During the Suez crisis the Suez group became the most active and vocal section of the Conservative Party, consistently calling for the use of force to uphold British interests. Julian Amery and his Suez group colleague Lieutenant-Colonel Neil McLean also became a key element of British subversive action against Nasser. It was hoped that first the threat then the fact of military force would stimulate domestic upheaval against Nasser and would lead to his replacement by a pro-Western alternative Egyptian government. After the British secret service's dissident networks in Egypt were arrested, Amery and McLean used their contacts with a variety of exiled Egyptian dissident politicians and groups. However, the Anglo-French invasion, ostensibly to separate the Israeli and Egyptian forces in late October and early November 1956, failed to produce the anticipated anti-Nasser uprising in Egypt. When, as a result of American financial and political pressure, Eden unexpectedly called a halt to the British intervention in November 1956, the Suez group demanded the maintenance of a British military presence in the canal zone and nearly succeeded in splitting the Conservative Party on the issue. Thanks to the herculean efforts of Edward Heath, the chief whip, only fifteen Suez group MPs abstained from supporting the government on 6 December 1956, when a motion approving the decision not to form part of the UN intervention force was debated.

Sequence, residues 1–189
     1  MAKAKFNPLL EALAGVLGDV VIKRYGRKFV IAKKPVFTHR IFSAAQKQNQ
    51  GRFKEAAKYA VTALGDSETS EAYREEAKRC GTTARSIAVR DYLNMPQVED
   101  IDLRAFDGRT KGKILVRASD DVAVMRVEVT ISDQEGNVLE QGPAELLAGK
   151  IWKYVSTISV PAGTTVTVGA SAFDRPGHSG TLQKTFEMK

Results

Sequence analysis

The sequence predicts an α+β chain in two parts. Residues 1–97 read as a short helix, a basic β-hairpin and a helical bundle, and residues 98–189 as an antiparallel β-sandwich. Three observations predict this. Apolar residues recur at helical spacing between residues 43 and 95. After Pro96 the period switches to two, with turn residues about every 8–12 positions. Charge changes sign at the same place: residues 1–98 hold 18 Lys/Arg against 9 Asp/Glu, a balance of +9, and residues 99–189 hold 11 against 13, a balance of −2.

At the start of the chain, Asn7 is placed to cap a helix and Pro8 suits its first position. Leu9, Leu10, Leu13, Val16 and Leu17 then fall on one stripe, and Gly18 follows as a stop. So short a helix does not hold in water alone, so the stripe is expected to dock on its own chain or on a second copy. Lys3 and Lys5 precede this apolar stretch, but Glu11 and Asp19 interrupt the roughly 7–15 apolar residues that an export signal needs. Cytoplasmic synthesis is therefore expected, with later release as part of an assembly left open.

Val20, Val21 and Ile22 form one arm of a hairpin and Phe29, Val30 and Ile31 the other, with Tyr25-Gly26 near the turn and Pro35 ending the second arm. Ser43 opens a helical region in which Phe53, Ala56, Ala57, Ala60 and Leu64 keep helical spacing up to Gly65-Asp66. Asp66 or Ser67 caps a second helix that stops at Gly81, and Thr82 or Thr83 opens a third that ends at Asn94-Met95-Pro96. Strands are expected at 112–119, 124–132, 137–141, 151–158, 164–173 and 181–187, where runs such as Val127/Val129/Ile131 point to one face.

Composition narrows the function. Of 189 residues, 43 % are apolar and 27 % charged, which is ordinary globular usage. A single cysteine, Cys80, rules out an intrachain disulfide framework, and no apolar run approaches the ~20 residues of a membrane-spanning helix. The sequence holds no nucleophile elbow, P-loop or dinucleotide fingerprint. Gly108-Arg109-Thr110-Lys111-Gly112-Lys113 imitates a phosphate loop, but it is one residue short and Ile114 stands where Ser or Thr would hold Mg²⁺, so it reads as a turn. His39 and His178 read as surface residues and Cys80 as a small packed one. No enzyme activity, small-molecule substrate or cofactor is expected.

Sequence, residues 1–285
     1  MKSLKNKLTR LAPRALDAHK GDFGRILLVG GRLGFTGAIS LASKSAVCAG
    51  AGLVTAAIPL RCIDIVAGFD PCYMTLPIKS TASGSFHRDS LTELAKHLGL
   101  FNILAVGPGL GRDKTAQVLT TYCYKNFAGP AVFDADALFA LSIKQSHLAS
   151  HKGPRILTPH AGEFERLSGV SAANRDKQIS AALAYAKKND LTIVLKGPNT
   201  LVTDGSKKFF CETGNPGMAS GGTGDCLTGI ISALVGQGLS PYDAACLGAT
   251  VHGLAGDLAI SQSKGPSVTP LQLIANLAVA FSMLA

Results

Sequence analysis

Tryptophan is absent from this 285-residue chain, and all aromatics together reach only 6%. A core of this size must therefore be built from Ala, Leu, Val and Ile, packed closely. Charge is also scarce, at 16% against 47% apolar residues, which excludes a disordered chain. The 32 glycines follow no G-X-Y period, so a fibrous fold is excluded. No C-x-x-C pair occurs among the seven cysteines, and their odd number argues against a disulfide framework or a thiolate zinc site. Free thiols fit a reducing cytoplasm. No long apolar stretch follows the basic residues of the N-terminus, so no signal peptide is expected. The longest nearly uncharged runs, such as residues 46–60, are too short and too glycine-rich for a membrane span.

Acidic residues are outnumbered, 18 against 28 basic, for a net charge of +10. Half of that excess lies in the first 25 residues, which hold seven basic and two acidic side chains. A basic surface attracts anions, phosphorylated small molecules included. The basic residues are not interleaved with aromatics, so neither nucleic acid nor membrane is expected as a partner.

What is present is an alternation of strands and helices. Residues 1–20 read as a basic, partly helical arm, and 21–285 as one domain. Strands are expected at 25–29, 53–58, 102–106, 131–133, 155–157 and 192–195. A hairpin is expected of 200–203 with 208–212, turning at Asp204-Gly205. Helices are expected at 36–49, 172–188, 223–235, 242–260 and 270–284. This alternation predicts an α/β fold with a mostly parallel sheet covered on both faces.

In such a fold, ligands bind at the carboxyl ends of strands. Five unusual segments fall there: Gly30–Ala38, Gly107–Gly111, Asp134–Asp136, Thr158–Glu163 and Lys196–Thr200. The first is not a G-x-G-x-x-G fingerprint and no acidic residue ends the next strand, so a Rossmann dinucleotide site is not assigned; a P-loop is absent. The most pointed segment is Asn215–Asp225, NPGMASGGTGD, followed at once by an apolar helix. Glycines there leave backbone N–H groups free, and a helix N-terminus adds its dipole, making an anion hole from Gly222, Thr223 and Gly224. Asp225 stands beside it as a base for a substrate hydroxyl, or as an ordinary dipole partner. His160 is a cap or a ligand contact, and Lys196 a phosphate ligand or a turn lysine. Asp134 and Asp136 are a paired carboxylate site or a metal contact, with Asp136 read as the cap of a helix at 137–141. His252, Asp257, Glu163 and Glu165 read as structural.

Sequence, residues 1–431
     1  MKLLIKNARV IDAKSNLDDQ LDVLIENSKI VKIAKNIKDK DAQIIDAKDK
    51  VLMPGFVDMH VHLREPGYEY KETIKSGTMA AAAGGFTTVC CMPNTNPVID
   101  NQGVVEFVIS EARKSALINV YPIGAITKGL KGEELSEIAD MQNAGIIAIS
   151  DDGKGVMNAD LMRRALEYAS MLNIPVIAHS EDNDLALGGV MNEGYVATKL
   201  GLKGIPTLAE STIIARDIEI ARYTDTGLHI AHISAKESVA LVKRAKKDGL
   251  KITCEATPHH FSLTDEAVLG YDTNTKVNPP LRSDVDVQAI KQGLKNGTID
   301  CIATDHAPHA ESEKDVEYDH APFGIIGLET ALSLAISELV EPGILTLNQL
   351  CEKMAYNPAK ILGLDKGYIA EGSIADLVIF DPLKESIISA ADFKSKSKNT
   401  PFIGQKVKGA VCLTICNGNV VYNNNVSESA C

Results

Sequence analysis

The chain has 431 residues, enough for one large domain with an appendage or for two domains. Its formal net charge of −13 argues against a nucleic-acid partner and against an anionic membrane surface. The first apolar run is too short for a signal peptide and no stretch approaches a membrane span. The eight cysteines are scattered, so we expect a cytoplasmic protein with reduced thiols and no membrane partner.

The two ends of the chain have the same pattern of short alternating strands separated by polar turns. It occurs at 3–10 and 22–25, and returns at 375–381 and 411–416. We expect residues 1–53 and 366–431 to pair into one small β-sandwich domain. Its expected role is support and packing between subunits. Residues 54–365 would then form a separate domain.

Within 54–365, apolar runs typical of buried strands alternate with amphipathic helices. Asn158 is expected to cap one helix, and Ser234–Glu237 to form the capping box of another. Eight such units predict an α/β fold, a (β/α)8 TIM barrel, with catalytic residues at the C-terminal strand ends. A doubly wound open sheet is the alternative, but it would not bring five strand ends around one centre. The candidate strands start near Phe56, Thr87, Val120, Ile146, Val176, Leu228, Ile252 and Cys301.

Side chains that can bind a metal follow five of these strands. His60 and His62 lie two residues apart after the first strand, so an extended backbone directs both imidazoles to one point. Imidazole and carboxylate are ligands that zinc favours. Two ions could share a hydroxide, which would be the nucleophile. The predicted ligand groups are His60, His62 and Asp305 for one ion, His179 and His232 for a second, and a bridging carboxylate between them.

By early 1957 the Suez group was essentially a spent political force: Amery had joined the government and Waterhouse was no longer in a rebellious mood. Lacking a forceful leader, the dissidents' attempts to prevent Britain's capitulation to Nasser failed. In May 1957, when Harold Macmillan (who had succeeded Eden as prime minister in January) announced that British ships would again use the Suez Canal, eight Conservatives resigned the party whip in protest. A small diehard band of six sat as independents until June 1958. So ended ‘a small, but brave political adventure’ (Daily Express, 13 May 1958).

The Suez group represented a continuum of political thought within the Conservative Party that dated back to the battle for tariff reform in 1903–11 and 1921–3 and was also evident in resistance to rapid moves towards self-government for India in the 1930s, opposition to the Yalta agreement of 1945 and to withdrawal from Palestine and Persia (the Abadan crisis of 1950–51), dissent on withdrawal from Cyprus in the 1950s, support for the minority regime in Rhodesia (1964–79), and arch-scepticism towards European integration, as expressed by the ‘Maastricht rebels’ of the 1990s. For the Suez group, the unifying theme of ‘Britain and empire’, and Britain's corresponding global role, represented an opportunity to develop an alternative power grouping during the cold war.

Sue Onslow


S. Onslow, Backbench debate within the Conservative Party and its influence on British foreign policy, 1948–57 (1997) · S. Onslow, ‘Battlelines for Suez: the Conservative party and the Abadan crisis of 1950–1951’, Contemporary British History, 17/2 (2003), 1–28 · S. Onslow, ‘Unreconstructed nationalists and a minor gunboat operation: Julian Amery, Neil McLean, and the Suez crisis’, Contemporary British History, 20/1 (2006), 73–99 · D. Dutton, Anthony Eden: a life and reputation (1997) · K. Kyle, Suez (1991) · W. S. Lucas, Divided we stand: Britain, the US and the Suez crisis (1991)